I think there is a kind of warm and tender caring involved for me to FEEL fully respected.  It involves on the part of another person (and what I know I do not always give to other people myself) careful listening with an open mind and heart so that I feel listened to and HEARD with high positive regard and empathy for me to FEEL respected.

I don’t think I built that kind of an infrastructure from early on into my children’s relationship with me.  (Oops!)


I can learn to more clearly identify that when my reactions to others are filled with feelings of disappointment, fear, sadness, frustration, loneliness, shame and even of anger it may well be my “respect-hole” that is being activated and needs to be honored, examined and healed (some more).

I don’t want to keep falling blindly into that hole created, in part, by my tendency to attribute worth and value to others without keeping my half of all interactions firmly anchored in what now needs to be my OWN respect for myself.

I need to strengthen my own self-respect foundations.  This is part of building more resiliencies into me as I decrease my reactivity to how I perceive other people as acting toward me.


In the massive tumult and jumble of unresolved traumas passed down over generations in families (and in cultures) it can be hard and can take a very long time before complicating factors can be disentangled so that they can begin to be identified and examined.  Both of my parents always had terrible relationships with their parents.

Yes, respect is a part of love.  But it is its OWN part.  To use attachment-related terminology from developmental neuroscientist Dr. Allan N. Schore, problems with respect are about “ruptures without repair” in traumatized family and the people who grew up in them.  Healing can at times seem overwhelming.

Hopefully having the processes of “respect” jump into my current life’s limelight will help me even at age 64 to examine some specific related patterns that have always been troubling to me, usually without my knowledge.  Intergenerational trauma is often entrenched in patterns of “shame and blame” (the antithesis of respect) so that any attempts to heal these traumas and their consequences MUST take place entirely free of those deadly cycles.


Essentially these processes are about healing our attachment trauma wound at its core that left us perpetually asking, “Will you love me if I am completely myself?”  (“Will you respect me if I am completely myself?”)

We are learning, bit by bit, to replace the unequivocal “NO!” we were so traumatized by with a permanent (we can TRUST it) unconditional “YES!”

This healing, as it takes place, happens in all of our relationships ESPECIALLY in our relationship with our self.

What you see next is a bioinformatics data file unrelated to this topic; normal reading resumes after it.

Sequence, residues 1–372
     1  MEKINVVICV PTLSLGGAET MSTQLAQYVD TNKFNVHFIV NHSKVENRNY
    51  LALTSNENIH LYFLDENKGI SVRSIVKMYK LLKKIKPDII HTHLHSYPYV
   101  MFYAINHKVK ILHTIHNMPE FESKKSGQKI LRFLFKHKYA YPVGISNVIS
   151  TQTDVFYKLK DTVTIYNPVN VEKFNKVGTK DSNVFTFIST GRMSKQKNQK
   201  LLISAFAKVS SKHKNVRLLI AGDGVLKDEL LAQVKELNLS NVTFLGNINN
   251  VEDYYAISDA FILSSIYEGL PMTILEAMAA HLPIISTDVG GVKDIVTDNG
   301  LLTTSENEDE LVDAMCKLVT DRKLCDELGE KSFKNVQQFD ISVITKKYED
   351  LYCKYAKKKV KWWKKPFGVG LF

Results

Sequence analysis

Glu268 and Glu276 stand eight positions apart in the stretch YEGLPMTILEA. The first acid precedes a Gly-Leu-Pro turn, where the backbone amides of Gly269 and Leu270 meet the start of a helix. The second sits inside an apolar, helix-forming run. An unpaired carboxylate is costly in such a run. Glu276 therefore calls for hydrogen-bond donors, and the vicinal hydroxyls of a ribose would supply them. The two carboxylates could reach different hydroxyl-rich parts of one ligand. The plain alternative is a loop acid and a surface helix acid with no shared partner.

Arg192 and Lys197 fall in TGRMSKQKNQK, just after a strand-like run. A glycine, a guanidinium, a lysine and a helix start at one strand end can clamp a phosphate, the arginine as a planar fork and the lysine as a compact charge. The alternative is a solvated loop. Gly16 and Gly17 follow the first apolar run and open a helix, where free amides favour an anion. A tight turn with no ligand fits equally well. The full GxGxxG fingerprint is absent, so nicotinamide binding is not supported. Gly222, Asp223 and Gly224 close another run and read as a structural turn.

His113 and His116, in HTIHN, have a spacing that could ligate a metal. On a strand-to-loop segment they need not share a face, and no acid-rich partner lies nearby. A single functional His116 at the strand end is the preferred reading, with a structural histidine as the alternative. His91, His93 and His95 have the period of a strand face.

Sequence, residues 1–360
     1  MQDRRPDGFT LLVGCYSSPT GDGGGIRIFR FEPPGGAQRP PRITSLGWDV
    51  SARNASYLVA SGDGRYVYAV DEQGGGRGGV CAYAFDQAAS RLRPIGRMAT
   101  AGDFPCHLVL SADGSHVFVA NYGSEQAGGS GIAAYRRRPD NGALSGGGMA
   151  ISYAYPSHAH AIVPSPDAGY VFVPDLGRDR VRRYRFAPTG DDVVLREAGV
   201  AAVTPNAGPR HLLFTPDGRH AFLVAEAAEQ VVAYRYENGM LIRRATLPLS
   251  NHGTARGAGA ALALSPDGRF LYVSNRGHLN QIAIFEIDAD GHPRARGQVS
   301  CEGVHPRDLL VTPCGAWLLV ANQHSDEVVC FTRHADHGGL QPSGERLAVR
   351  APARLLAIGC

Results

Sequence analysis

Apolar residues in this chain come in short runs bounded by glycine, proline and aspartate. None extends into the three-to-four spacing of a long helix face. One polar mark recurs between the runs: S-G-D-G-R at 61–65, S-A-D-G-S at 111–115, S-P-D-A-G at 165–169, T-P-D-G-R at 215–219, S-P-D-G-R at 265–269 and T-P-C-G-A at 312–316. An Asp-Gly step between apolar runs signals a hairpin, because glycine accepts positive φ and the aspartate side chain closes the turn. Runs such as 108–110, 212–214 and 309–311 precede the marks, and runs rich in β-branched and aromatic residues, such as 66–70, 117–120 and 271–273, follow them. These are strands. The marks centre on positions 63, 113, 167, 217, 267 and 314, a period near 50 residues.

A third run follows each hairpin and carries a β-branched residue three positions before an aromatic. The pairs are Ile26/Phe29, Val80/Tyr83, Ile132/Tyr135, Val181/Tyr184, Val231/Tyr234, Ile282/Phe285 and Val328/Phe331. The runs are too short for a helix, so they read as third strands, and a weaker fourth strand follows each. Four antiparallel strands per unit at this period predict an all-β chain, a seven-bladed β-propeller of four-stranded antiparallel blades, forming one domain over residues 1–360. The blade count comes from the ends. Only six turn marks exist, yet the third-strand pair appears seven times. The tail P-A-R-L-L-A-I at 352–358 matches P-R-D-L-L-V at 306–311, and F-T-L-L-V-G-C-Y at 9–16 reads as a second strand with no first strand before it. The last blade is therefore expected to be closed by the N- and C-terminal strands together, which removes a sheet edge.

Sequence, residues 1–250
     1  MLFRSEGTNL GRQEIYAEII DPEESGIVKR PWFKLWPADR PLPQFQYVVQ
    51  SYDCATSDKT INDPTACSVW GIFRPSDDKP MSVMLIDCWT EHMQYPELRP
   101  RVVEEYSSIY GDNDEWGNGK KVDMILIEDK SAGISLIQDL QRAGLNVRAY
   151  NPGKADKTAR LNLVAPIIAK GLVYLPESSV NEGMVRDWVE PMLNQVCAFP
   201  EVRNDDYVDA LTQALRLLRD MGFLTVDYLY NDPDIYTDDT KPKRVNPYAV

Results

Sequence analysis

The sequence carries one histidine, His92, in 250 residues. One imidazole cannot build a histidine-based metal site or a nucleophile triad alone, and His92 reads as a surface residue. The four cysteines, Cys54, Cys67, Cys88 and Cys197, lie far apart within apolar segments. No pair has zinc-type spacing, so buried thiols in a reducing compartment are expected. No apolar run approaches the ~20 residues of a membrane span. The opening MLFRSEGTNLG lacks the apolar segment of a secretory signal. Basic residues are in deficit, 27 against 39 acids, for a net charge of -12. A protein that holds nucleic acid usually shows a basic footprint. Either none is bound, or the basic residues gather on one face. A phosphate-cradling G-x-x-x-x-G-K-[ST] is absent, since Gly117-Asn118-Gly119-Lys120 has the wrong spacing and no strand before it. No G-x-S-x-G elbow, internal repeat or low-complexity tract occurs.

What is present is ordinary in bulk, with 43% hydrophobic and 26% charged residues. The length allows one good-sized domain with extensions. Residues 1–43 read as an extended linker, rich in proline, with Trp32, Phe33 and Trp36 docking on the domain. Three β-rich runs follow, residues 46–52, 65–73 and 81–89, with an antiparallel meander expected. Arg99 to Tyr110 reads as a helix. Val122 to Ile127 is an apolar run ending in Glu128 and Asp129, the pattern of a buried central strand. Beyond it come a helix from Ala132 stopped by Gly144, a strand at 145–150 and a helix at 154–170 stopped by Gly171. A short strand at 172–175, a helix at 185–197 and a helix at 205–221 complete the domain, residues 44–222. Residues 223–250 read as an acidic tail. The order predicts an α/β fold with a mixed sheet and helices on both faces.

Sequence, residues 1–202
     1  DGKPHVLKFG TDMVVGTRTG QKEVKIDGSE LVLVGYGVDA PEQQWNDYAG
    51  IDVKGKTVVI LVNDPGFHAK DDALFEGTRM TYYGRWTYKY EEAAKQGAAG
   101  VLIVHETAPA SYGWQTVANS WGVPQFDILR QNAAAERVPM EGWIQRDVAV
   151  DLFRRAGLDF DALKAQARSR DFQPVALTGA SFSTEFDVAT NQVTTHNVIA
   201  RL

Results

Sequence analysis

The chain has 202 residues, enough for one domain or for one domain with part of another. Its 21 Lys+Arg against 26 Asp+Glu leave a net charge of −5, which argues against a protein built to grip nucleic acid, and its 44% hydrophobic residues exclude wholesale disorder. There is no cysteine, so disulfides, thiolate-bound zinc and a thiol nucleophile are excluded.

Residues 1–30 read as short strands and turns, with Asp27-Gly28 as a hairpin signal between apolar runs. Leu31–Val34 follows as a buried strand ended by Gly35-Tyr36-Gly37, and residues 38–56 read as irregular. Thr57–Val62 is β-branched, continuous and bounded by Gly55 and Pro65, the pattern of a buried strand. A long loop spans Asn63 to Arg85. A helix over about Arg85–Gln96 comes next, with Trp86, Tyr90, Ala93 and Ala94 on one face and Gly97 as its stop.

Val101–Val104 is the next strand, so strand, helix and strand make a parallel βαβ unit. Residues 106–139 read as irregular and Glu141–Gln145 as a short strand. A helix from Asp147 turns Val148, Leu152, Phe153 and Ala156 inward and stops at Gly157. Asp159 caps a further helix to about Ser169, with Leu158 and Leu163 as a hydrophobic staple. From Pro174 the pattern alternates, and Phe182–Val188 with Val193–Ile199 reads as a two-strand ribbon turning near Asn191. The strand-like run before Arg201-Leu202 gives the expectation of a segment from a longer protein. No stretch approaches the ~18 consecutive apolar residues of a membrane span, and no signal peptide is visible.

Here is our first book out in ebook format.  Click here to view or purchase –

Story Without Words:  How Did Child Abuse Break My Mother?

It lists for $2.99 and can be read by Amazon Prime customers without charge.



Tags: adult attachment disordersadult reactive attachment disorderanxiety disorders,borderline motherborderline personality disorderbrain developmentchild abuse,depression,derealizationdisorganized disoriented insecure attachment disorder,dissociation,dissociative identity disorderempathyinfant abusePosttraumatic Stress Disorder (PTSD),protective factorsPTSDresiliencyresiliency factorsrisk factorsshame



Tuesday, September 1, 2015.  There are times in our life when the last thing people around us want from us is that we BE REAL.  If there are important choices being made, significant choices and especially ones that gravely affect very young innocent children — that appear to be being made by others who are operating from an unconscious inner “data base” — EVERY PERSON involved better remain unconscious as well and if this is not possible – then they better be SILENT.

Or what?

Confrontations in these kinds of patterns within relationships do not work.  There is a kind of inner status quo in people who seem to need to remain in an “unconscious” state about matters of import that seems necessary to them being able to sustain their life.  The power held by the unconsciousness itself can never be underestimated.

It is serving a purpose.  A very big purpose.  The good or bad of such purpose is open to question.

Or is it?

What might the critical difference be between that which seems to sustain life and that which seems to sustain a LIFESTYLE?  In American mainstream materialistic, consumer society do we differentiate between the two?

Are we clear about the difference between a want and a need?  How much do we understand about the essential attachment NEEDS of infants and very young children (I would say especially under the age of five)?  In these little people what they NEED and what they WANT is exactly the same thing IF they are being parented correctly with at least GOOD ENOUGH safe and secure attachment permeating the little one’s every early life moment.

A parent’s – especially a mother’s – lack of specific clarity about the difference between their own wants and needs is very likely going to damage their children’s essential development because there IS some suffering-through-personal-sacrifice of WANTS in caregiving attachment adults – and often even some sacrifice of NEEDS required to maintain a stable and fulfilling safe and secure environment for very young humans to grow their self, their connection to and their personal relationship with this self.